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A roar fills the small room in MIT’s Building 31 as a car engine, minus the car, revs loudly. Outside the room-one of 12 test cells in the Sloan Automotive Laboratory-a student watches as a computer collects data on the engine, whose spark-plug-free design might one day earn it some room under the hood.

The engine employs a technique called homogeneous charge compress ignition, which gives it a less complicated design than a gasoline engine but the efficiency of a diesel engine. The engine maintains a much higher ratio of air to fuel than an ordinary car’s, heats the mixture through compression, and causes the fuel to ignite spontaneously, without a spark. The result is faster and more efficient combustion and a 10-fold reduction in the amount of pollution the engine emits.

“Here’s a major new idea that has the possibility of having an enormous impact on the industry,” says Professor John Heywood, director of the laboratory. “I’m not going to guarantee it goes into production five or 10 years from now, but it’s on a path to doing that.”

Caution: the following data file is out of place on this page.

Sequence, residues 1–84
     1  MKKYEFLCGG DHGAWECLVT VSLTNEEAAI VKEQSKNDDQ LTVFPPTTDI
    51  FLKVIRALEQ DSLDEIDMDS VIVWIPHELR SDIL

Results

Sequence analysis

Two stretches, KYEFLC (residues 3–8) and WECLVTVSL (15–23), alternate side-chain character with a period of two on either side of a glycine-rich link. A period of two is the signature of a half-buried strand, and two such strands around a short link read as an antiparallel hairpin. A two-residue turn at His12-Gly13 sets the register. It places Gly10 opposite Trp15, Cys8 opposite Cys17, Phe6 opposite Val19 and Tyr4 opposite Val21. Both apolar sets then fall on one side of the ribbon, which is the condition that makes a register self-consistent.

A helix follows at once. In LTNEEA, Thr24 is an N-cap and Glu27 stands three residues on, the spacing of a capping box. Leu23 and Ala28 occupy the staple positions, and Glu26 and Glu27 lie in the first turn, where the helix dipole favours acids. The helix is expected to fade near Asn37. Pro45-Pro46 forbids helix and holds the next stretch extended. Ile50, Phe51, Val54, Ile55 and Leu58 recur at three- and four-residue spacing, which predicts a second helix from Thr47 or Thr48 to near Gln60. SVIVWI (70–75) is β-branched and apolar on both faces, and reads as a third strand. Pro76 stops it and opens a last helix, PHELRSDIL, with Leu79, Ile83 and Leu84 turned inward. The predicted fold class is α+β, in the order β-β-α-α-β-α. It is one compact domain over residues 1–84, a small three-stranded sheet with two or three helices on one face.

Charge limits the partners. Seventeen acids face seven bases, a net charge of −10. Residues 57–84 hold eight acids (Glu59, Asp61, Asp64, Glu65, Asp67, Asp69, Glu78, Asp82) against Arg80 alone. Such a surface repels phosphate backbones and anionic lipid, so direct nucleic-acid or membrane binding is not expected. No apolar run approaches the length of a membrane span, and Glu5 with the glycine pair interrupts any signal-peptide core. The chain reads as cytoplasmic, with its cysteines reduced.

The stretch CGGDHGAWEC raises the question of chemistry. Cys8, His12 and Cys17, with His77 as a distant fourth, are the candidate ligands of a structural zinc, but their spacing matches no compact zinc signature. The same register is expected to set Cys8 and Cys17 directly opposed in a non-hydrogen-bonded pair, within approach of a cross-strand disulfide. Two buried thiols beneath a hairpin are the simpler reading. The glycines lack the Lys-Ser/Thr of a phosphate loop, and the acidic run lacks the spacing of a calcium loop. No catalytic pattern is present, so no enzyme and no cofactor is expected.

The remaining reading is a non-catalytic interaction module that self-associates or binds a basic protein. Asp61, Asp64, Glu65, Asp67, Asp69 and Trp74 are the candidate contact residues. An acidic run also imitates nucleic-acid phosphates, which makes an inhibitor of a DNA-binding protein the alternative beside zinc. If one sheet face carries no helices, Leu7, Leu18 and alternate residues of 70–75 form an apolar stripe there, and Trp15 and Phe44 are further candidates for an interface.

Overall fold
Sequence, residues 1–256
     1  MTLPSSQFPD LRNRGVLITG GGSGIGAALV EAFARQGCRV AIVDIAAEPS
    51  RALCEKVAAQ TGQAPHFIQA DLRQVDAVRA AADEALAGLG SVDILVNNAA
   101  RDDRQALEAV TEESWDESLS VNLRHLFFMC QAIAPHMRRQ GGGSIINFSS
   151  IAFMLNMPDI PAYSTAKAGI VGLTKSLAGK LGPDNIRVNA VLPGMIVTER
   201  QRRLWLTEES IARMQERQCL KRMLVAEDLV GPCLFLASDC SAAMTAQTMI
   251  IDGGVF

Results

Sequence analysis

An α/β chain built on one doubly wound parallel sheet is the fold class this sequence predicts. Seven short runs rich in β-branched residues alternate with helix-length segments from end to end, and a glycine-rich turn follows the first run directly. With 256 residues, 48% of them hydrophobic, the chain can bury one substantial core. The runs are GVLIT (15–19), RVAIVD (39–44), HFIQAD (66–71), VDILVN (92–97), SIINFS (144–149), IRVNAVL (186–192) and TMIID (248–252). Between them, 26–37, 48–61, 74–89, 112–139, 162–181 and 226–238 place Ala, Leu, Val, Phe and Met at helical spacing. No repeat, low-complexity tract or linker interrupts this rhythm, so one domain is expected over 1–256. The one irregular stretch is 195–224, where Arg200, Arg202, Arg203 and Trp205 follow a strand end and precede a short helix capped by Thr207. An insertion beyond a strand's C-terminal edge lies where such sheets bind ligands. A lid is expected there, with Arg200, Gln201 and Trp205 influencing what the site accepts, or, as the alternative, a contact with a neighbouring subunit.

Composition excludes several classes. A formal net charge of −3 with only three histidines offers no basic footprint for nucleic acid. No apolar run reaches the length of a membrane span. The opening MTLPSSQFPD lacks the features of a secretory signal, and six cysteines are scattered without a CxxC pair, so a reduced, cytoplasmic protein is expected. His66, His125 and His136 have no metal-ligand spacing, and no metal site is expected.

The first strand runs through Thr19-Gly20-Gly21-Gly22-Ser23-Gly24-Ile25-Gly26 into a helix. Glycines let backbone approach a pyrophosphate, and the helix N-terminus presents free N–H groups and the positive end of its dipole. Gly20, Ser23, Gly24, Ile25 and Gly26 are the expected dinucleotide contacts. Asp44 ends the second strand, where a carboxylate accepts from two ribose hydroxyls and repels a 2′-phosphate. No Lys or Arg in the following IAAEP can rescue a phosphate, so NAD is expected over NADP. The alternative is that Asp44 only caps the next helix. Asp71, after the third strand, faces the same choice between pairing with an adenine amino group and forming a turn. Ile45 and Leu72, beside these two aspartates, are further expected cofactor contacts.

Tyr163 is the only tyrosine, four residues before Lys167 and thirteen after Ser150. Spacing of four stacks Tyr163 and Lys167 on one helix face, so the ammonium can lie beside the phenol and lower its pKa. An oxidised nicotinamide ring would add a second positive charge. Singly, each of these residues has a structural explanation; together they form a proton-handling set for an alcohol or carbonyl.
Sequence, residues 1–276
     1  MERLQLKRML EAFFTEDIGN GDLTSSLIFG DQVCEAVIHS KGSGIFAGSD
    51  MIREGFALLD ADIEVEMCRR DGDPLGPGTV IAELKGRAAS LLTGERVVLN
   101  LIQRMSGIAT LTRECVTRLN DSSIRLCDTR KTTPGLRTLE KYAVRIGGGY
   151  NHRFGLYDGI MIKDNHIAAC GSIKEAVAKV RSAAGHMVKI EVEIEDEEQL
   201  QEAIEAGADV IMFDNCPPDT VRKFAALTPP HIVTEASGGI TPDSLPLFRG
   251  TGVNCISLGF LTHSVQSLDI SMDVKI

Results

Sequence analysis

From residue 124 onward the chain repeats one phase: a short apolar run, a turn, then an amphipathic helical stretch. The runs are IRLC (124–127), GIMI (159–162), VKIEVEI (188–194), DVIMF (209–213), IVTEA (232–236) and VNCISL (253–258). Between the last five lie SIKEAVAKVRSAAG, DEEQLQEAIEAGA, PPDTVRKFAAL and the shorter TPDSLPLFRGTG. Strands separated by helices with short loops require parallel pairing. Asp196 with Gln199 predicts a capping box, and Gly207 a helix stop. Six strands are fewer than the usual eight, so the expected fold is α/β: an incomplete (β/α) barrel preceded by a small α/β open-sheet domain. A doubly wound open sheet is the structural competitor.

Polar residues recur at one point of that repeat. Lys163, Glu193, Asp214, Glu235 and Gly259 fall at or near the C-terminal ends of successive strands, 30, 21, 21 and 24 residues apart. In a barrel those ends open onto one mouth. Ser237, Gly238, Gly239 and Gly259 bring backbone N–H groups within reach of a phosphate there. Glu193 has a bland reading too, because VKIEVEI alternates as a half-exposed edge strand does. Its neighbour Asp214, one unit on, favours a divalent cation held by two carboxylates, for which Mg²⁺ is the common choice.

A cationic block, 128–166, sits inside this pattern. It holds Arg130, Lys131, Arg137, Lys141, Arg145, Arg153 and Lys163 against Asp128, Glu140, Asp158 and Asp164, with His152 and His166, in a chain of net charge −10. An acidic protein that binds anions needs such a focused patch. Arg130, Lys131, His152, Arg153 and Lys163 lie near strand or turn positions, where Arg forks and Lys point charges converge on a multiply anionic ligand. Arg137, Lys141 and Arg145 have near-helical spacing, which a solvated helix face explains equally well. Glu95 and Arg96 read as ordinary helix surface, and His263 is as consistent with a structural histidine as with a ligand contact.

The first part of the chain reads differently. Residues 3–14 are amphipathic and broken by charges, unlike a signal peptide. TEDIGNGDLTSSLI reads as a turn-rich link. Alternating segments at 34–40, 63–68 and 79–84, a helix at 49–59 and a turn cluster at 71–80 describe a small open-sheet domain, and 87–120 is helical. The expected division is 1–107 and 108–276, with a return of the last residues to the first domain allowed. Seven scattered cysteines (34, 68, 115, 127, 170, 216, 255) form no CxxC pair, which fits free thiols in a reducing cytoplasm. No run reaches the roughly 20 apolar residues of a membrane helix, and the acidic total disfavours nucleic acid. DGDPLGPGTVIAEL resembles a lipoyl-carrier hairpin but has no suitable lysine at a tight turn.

Another novel idea for a more efficient engine uses a device called a plasmatron, invented at the MIT Plasma Science and Fusion Center. The device shoots an arc of electricity through a mixture of air and hydrocarbon fuel, converting it to hydrogen and carbon monoxide. Hydrogen burns much faster than gasoline, and again brings the engine’s efficiency close to that of a diesel engine without running as roughly as diesels do under some conditions.

But while the Sloan Lab looks at these experimental variations on the old internal-combustion engine, its main thrust is to develop a theoretical understanding of how engines work, and then use that understanding to build computer models that designers can turn into better commercial engines.

“People sort of feel that once a technology is developed, it’s developed. But it’s not developed fully,” Heywood says. Engineers can build a working engine without a theoretical understanding of everything that’s happening inside it. But lacking that understanding, they may not come up with the very best engine, he says.

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